Double drop longboards can also work best for freeriding, namely at beginner or intermediate levels. Due to the lower center of gravity on these boards, you need to apply less force for the wheels to lose traction compared to a
Not only is the effort required to break into slides lesser on a drop-through longboard
Freeriding on a double drop also gives you maximum stability at speed. Besides the low center of gravity, on a drop
When is a double drop board NOT the best choice
There are other cases where a double drop longboard is typically not your best choice. Fast downhill longboarding is one of them. The main reason is that on a double drop longboard, you have much less response from the drop-through trucks than you do on a
Why is that? The reason is your feet sit relatively far apart and below the trucks – vs on top of the trucks on a
The lower responsiveness from a double drop makes it harder to hold a clean sharp speed line when bombing downhill, e.g. in hairpin corners. Sharp turns are much easier to do on
Double drop longboards are also not the best option for riding styles that put a lot of pressure on the trucks, such as downhill racing and freestyle tricks. The reason is that drop-through mounts are not structurally as strong as
As a result, drop-through boards are known to be more prone to breaking, particularly stiffer decks. That’s why double drop longboards are best used for commuting and carving, with some amount of flex in the deck for more shock absorption.
I mentioned double drops are a great choice for distance pushing and commuting. One caveat is when traveling on roads with lots of speed bumps or similar obstacles. Double drop boards are so low to the ground they sometimes catch bumps – or get scratched by them. If you plan to distance commute on very bumpy roads, first make sure your double drop deck is high enough – or else choose a higher board.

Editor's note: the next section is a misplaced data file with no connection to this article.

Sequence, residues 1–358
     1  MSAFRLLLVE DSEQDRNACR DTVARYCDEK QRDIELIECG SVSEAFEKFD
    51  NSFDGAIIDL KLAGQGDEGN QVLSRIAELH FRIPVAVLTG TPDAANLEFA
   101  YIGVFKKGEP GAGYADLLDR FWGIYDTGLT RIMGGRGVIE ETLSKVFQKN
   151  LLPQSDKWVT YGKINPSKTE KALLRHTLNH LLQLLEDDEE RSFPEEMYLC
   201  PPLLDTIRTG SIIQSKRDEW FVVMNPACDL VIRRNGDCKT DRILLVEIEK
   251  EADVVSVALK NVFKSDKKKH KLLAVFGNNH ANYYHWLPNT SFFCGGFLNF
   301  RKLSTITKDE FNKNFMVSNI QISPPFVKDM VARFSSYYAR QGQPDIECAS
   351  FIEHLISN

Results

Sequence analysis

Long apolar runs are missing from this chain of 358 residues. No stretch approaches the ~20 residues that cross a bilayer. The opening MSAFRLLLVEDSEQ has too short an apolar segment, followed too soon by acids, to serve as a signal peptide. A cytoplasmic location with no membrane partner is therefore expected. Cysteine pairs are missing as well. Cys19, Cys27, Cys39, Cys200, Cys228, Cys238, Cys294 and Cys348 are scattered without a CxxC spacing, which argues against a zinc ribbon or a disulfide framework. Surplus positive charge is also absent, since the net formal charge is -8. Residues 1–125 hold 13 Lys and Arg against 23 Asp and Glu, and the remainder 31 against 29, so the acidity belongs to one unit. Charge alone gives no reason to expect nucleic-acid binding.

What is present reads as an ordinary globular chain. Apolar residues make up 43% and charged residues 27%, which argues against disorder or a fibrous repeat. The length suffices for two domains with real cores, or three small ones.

So now we know what a double drop longboard is and what’s it’s best suited for. Next, let’s take a look at three great examples of double drop longboards.
My two best double drop longboards
#1 top double drop board: the Landyachtz Switchblade
The Switchblade has earned its great reputation throughout the years as a super sturdy, super stable, and super comfortable board for pushing far, going fast on medium hills, and learning to slide while doing so.
It comes in 3 lengths, 36″, 38″ and 40″ (wheelbases 27″ to 31″) so you can pick the best length for your size, weight and style. If you’re not sure which length to choose, pick the 36″ if you’re 5″6 tall or smaller, the 38″ if you’re 5″5 to 5″10, and the 40″ if you’re taller than 5″10.